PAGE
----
The whole time, as it went around the room, I felt like maybe I should make a run for it, just get up in the middle of the introductions and walk the heck out. For what could I say in all honesty, “Hi my name is Michael, I live in the homeless shelter, I am here because my AA sponsor said it would be good for me to stop isolating and try to meet other people”? 

Instead I came out with something that sounded way more intense and serious than what other people, who could softly, effortlessly, casually toss out “normal” things, e.g., “I am a student at Penn, from Maryland,” were saying. I said something about the importance of literacy in social democracy, something in retrospect, as a five-years-sober somewhat better-adjusted person, I can see as the weird, out of touch with the mainstream kind of thing to say that it was.

On the sidewalks of West Philadelphia, when the cleaning crew supervisor wasn’t looking, I would step away from my street-sweeper’s route to read a few pages of I And Thou by Martin Buber.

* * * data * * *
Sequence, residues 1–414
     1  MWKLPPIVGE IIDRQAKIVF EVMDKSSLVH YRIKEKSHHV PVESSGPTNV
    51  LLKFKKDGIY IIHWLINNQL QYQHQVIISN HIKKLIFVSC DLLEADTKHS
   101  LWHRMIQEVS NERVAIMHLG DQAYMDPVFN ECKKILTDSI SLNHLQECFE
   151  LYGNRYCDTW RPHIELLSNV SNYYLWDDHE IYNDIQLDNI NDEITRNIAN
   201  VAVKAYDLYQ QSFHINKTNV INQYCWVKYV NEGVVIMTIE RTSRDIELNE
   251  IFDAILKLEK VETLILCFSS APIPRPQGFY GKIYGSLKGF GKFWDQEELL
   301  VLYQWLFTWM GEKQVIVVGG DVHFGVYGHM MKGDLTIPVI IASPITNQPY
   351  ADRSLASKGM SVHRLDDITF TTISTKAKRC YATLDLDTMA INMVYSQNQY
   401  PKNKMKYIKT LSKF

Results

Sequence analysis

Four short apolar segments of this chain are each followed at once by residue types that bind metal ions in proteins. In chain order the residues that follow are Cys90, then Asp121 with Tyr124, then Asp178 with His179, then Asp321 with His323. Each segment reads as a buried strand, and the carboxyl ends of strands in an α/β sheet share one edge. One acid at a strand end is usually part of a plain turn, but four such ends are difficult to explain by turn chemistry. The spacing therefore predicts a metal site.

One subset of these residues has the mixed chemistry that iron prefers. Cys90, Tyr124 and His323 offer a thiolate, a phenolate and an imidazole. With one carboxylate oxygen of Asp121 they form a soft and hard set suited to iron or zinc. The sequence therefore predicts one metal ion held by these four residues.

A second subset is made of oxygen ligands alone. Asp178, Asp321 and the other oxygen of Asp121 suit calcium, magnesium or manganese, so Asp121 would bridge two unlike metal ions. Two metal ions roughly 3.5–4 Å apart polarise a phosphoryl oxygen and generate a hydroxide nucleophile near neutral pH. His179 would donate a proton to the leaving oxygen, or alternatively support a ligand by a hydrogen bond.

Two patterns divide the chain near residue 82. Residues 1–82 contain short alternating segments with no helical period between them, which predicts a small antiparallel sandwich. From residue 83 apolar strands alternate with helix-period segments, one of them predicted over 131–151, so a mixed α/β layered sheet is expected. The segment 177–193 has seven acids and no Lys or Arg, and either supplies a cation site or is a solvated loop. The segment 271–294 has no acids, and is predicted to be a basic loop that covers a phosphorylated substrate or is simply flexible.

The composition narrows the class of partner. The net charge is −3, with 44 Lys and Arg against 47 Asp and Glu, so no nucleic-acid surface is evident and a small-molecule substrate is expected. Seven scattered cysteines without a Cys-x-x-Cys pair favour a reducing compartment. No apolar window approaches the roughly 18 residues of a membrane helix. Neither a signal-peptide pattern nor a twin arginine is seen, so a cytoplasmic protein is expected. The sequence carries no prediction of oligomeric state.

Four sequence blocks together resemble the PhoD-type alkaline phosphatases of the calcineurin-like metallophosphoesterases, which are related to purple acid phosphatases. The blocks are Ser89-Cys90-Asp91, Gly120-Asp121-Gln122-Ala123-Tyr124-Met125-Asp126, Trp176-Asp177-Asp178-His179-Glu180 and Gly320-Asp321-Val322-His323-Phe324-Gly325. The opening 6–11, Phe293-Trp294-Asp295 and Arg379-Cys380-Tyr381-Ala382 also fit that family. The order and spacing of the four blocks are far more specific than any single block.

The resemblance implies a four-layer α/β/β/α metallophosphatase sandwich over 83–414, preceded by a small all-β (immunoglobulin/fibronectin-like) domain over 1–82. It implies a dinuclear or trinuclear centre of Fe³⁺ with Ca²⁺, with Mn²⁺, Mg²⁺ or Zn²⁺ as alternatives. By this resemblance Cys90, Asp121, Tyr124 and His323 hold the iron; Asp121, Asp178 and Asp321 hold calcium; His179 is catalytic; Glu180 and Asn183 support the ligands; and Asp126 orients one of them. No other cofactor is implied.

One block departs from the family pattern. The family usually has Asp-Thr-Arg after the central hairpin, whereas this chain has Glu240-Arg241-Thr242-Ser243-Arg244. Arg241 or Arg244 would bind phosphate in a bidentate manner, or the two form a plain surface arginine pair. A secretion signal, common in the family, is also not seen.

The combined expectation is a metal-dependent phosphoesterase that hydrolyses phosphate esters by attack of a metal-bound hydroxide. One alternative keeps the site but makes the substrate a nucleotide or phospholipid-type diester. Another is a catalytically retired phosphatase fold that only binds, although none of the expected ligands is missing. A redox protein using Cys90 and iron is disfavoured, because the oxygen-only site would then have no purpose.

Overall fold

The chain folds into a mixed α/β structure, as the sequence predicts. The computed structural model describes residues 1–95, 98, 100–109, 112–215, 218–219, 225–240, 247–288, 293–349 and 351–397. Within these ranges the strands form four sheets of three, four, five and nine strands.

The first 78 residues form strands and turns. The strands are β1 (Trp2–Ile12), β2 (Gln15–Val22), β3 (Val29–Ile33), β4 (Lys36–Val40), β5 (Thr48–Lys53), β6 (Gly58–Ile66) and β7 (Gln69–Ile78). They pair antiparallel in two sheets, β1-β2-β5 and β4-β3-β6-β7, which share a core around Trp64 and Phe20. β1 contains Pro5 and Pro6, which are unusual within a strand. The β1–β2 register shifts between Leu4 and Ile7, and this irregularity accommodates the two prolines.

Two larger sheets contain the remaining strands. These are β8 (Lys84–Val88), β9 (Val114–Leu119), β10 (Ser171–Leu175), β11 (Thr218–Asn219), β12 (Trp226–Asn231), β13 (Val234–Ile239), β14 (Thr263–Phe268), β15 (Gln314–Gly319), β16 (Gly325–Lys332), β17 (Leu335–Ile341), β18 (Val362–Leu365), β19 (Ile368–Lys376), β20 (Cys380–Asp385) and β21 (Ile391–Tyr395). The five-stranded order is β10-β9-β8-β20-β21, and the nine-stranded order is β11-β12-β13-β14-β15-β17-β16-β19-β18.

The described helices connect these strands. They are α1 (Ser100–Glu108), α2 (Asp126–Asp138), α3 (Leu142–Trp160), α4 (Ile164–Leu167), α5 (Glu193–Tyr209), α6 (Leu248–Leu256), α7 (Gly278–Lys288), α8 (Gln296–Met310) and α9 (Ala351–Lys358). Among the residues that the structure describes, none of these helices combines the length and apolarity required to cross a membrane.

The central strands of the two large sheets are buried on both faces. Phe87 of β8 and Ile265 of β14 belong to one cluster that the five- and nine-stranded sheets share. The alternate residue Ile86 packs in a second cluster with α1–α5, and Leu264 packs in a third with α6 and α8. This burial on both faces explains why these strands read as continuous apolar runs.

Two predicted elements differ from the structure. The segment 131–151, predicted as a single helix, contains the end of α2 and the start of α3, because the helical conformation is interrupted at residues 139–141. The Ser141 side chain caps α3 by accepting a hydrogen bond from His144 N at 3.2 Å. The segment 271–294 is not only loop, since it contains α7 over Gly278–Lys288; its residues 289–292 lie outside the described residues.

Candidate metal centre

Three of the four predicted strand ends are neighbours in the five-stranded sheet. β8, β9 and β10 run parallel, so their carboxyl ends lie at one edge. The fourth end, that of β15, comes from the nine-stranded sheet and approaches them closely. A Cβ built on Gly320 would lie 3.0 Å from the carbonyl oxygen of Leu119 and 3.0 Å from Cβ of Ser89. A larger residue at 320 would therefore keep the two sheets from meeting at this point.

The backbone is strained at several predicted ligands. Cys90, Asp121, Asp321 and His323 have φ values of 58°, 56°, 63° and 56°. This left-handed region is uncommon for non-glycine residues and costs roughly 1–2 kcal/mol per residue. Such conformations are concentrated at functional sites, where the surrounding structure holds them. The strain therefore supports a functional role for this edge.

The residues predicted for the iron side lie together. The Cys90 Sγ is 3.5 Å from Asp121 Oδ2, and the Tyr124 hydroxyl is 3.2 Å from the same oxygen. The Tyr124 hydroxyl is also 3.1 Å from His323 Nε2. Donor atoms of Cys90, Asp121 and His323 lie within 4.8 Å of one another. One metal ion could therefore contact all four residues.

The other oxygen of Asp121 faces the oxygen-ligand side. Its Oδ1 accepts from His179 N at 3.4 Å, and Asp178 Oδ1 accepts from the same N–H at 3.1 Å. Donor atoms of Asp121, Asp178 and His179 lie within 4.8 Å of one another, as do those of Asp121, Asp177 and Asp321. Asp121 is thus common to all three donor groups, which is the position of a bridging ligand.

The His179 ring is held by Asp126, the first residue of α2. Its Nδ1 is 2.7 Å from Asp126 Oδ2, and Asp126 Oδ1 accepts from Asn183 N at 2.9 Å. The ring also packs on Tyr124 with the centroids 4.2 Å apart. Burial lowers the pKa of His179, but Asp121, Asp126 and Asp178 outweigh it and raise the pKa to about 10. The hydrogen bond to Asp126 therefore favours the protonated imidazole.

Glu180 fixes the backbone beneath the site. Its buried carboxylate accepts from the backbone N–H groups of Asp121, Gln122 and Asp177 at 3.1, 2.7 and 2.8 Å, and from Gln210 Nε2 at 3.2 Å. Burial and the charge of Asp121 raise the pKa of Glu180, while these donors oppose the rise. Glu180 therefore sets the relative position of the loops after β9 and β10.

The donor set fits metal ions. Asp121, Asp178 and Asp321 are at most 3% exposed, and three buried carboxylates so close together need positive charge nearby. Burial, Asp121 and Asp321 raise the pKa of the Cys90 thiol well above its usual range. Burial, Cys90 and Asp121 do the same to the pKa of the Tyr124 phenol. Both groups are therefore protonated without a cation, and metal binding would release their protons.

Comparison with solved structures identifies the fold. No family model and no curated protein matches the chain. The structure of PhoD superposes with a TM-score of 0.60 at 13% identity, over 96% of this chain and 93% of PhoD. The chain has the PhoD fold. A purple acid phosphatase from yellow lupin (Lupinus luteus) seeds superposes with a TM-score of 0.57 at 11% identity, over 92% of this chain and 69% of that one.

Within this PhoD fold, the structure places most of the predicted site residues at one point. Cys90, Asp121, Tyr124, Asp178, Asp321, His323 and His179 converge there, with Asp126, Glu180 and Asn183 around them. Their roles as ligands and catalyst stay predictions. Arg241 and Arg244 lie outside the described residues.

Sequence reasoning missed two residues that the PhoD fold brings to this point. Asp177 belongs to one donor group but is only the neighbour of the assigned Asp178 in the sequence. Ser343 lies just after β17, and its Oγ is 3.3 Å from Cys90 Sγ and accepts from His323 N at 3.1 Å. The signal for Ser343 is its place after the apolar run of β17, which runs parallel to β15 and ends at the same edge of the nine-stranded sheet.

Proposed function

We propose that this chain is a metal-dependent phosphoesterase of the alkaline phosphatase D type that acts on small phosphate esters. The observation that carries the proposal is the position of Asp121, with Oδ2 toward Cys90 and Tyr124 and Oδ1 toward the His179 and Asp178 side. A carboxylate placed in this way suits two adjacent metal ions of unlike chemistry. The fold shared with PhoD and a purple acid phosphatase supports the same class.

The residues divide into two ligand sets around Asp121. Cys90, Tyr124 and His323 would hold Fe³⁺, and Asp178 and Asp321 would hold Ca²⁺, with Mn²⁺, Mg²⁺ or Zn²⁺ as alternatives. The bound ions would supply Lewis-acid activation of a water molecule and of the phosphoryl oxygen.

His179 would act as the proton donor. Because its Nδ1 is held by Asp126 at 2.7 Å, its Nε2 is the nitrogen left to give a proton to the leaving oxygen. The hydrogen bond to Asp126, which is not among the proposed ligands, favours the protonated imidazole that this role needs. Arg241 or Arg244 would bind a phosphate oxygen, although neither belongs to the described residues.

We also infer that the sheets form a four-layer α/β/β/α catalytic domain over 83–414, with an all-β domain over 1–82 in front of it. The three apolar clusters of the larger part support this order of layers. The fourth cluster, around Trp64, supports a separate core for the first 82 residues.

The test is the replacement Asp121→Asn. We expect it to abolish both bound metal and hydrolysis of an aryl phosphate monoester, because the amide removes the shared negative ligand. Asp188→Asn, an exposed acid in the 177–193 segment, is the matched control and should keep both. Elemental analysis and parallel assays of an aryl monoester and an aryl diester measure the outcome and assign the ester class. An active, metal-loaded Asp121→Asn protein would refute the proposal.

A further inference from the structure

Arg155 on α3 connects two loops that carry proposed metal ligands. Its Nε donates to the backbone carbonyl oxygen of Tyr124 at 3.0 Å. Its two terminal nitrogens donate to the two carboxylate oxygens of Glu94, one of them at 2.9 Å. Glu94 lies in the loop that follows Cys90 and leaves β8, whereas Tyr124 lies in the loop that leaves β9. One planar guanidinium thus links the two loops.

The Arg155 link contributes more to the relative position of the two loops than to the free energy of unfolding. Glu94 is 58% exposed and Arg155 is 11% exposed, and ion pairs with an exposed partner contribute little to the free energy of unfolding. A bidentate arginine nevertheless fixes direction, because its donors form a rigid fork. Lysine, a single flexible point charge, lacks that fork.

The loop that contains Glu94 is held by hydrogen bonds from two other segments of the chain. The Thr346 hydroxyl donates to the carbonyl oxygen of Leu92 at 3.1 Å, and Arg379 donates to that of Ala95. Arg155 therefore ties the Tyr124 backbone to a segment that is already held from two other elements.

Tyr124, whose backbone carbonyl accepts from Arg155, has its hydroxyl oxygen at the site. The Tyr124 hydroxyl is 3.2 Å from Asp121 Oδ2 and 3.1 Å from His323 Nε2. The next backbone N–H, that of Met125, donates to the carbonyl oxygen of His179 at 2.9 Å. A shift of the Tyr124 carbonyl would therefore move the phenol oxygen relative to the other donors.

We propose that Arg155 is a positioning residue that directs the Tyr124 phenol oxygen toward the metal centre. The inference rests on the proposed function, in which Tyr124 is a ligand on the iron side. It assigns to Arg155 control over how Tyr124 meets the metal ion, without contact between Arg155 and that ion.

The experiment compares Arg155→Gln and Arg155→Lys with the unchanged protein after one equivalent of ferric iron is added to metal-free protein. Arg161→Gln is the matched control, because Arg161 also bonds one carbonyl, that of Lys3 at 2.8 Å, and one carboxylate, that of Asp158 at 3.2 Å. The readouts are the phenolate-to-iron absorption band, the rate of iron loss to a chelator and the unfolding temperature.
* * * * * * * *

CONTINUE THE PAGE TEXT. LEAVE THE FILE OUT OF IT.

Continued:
In my blue uniform with a giant logo on my back that looked like Mr. Clean for sidewalks in neighborhoods with a high murder rate, my ear buds introduced me to Concerning the Bodyguard by Donald Bartheleme, read by Salman Rushdie on a podcast hosted by the soft-speaking Deborah Treisman, fiction editor at the New Yorker.

A year and a half sober, I went back to college and all everyone wanted to know was, what are you going to do next year after you graduate? I’m just taking it one step at a time, was all I could say. I focused on that first semester back, and got straight A's.